I have to state here that my friend Allen helps me with my garden or I could not do all this by myself! He turned the whole 320 square foot garden by hand over the course of two days with a pitchfork.

black gold!
black gold!

Step 3 - Add Compost

We have a compost corner in our garden with several stages of compost working in each bin. This year we had the best compost we've ever had! What a treat it was to see that rich, black dirt coming out of the bottom of our compost bins.

We like to add some of the compost to the second till to be worked in and then we use the remainder to either plant our crops with, or cover the seeds when planted - right on top of the seeds. The compost placed on top is quickly soaked into the garden upon the first watering. Think of all those organic nutrients heading down to join those new roots!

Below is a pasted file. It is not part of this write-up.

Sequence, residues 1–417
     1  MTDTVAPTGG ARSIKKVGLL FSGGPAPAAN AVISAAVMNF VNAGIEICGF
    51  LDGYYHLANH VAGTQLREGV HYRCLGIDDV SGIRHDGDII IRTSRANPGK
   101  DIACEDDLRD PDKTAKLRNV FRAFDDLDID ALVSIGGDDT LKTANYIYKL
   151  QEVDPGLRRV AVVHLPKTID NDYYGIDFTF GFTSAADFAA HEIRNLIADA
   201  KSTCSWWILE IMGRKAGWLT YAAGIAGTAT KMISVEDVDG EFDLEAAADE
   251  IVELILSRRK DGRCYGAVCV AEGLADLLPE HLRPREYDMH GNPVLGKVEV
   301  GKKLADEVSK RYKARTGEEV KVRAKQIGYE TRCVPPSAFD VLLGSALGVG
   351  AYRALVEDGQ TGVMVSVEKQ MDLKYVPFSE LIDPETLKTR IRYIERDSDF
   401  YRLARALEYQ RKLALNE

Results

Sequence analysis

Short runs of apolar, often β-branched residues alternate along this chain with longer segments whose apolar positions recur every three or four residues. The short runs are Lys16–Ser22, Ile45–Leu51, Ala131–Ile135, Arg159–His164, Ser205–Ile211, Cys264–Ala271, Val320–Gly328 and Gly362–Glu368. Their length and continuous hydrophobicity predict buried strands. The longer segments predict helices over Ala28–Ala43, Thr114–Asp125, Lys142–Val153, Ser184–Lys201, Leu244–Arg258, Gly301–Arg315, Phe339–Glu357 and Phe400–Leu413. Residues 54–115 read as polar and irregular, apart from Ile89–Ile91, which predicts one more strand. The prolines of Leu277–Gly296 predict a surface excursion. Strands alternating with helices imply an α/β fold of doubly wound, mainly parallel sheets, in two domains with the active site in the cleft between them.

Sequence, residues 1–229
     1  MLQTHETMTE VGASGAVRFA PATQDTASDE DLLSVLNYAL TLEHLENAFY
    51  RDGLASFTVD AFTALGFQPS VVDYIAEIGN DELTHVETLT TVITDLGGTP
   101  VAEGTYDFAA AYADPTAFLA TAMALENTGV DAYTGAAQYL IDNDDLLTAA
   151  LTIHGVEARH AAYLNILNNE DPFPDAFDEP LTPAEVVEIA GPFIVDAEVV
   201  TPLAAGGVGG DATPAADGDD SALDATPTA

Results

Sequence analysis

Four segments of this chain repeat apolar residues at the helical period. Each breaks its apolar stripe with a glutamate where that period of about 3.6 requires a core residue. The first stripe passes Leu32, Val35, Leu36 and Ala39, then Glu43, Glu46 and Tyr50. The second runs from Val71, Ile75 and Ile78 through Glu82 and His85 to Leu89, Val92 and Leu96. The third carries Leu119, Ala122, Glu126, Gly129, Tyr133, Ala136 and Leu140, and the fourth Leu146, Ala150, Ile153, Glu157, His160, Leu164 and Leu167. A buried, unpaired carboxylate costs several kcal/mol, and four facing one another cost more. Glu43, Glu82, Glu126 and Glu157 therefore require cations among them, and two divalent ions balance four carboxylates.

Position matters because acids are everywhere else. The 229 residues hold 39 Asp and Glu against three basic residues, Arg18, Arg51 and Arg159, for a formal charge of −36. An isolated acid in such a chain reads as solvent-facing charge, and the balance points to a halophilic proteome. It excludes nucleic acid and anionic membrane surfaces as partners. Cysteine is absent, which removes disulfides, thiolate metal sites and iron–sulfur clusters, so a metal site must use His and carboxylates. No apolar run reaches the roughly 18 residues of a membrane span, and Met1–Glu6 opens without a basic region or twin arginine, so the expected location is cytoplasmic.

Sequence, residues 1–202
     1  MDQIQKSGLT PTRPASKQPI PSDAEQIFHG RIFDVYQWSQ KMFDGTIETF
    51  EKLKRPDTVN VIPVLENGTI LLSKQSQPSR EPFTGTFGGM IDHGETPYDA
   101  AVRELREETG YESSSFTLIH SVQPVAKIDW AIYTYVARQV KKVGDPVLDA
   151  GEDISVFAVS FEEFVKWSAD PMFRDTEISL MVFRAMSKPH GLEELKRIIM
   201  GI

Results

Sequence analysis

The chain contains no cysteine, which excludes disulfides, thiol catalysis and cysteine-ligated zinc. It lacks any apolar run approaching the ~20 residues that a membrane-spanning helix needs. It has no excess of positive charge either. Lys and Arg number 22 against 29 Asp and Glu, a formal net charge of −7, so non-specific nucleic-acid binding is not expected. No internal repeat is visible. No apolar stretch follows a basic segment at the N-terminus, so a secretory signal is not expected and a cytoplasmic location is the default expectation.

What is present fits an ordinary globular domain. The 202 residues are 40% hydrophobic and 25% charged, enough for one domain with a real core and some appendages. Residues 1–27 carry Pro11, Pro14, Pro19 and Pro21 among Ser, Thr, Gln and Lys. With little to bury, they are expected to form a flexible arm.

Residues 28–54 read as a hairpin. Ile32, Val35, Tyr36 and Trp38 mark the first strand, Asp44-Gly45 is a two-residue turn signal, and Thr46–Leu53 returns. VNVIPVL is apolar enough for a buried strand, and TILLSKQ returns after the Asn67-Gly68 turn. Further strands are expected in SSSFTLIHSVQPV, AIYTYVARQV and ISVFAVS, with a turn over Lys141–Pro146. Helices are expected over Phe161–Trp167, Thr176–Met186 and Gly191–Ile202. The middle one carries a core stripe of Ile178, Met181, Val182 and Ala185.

Step 4 - Till The Soil

If you don't have any winter crops growing, you are ready to till. Before you use the tiller, make sure it has the proper oil in it and you have gas that is not stale from sitting in a shed or garage all winter.

On the first pass, till all available space walking behind the tiller with some good boots or old tennis shoes on. Garden clogs on your feet are not advised here since you are running a machine.

Rototiller - Troy Bilt Models

We have had a Troy Bilt tiller for over 20 years. It is an essential tool for prepping your garden soil. They are available in varying sizes and power.

Step 5 - Till The Soil Again

After the first tilling, remove any large rocks you may have found, any large strings of grass, weeds or even trash. You are ready for the second pass. This time, as you till, try to walk in the space you are headed to next so you don't step on the newly tilled soil. This is challenging, but doable. If your soil is not smooth and clump-free, you may need a third pass at tilling. Established gardens with good soil usually need one or two passes.